So I duly went to the cinema to see it, along with everyone else.  Including the Star Wars geeks.

Ten minutes in I hated it.  Thirty minutes in I couldn't wait for it to be over.  One hour in and it seemed like I'd been in that dark screen for ages.  By the end, as the credits rolled, I decided it was the worst film I had ever seen.  It remains so to this day.  And yes, I have seen it more than once.

So why do I hate it so much, this now-regarded-as-a-masterpiece little independent, low budget Brit flick?  What madness had I developed?  Why was I going so far against the general grain?  Because it perfectly encapsulates and demonstrates everything that was so mind numbingly awful about nineties "kewl Britannia”, especially for someone like me who was stuck, culturally speaking, in the seventies.  The Chumbawumba Brit-pop generation will, I'm convinced, one day be the embarrassing trough of my contemporary now 30-somethings everywhere – politicians getting down with the kids and using words like "cool” and "guys” in official conversation, endless streams of plastic teen pop and fill-the-mould sound-alike grumpy youngsters with ATTITUDE singing out of tune, Prince Charles kissing a Spice Girl, the new wave of much-better-than-when-they-tried-it-in-the-80s (yeah, right) yoof television, and when individuality actually meant following the crowd and being like everyone else, cos if you weren't you were a square.  Give me fucking strength.  For me, Trainspotting was the figurehead poster boy of all of this and in its relatively brief running time did little other than alienate me from the modern world.  Danny Boyle's frenetic MTV style direction (then hailed as brilliant and the way forward – obviously this was before MTV-style direction called to mind Michael Bay and little else) annoyed me massively – let's chuck in every quirky angle we can come up with and frame it with as many different colours as we can get – like some Ritalin addicted teenager (pun intended) being given a camera and some film.  The writing was all "creative swearing” (oohh, how very clever) and how, apparently, we youngsters wished we all talked if we didn't already talk that way.  All fast and clever, like.  The story propels with characters that are by turns stupid, annoying, deserving of everything they get, and that I didn't care two shits for.  And the twitchy acting, oh-so realistic that it is.  Which brings me onto Begbie.  By now I think most members of this forum who know a little about me are quite aware of how much I hate over acting, especially when the subject of the over acting is doing a saliva spewing, mugging panto villain – Ralph Fiennes as Amon Goeth, Anthony Hopkins as Hannibal Lecter and the like.  Basically, OTT performances in films where everyone else is playing it small and low key (by the same token, and recalling another thread, Rafe Spall is the reason that the otherwise brilliant The Shadow Line has a few notches taken off that brilliance) – they fit as well as OJ's glove.  Trainspotting has Begbie who, so I'm told, is absolutely pant-shittingly scarily real.  Sorry, but no – Robert Carlyle is a fine actor to be sure (his turn as Albie Kinsella in early episodes of Cracker was FAR more scary and FAR more realistic), but his unhinged turn as Begbie is a primo example of just the type of screen "villain" (although he's not really a villain) who scares me the least and, if anything, annoys me to the max – sneering, SHOUTING, sweaty and greasy, heavy drinking, wearing a wife beater vest etc.  So he must be scary.  Right?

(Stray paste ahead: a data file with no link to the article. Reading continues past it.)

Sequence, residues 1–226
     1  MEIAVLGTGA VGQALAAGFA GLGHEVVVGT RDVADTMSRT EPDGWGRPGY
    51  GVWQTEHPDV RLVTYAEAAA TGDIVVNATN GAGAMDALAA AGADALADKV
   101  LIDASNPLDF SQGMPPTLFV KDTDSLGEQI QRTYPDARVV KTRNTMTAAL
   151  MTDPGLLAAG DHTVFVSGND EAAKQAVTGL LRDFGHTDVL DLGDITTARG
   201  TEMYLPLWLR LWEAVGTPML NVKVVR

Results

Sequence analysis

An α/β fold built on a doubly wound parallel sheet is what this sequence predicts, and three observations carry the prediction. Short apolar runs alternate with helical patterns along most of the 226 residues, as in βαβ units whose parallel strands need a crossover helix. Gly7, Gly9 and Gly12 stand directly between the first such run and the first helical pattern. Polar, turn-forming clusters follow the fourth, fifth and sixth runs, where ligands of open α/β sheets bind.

Time was when it did have one redeeming feature for me - I used to find the bed sheet scene hilarious, lowest common denominator slapstick that it is, and I'm not above some braindead silliness (it's easier for me to list the Chevy Chase films I DON'T like).  But even that doesn't raise a smile with me any more, and hasn't done for years.  Because now it's just another part of a film that I can't stand, from a director who I can't stand (Sunshine is okay, but as for the rest…).

You might even say that that scene is a very good representation of what I think of the whole film.

< Message edited by great_badir -- 19/5/2011 11:07:29 PM >


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RE: Great Badir's Not So Favourite Films - 20/5/2011 12:38:11 PM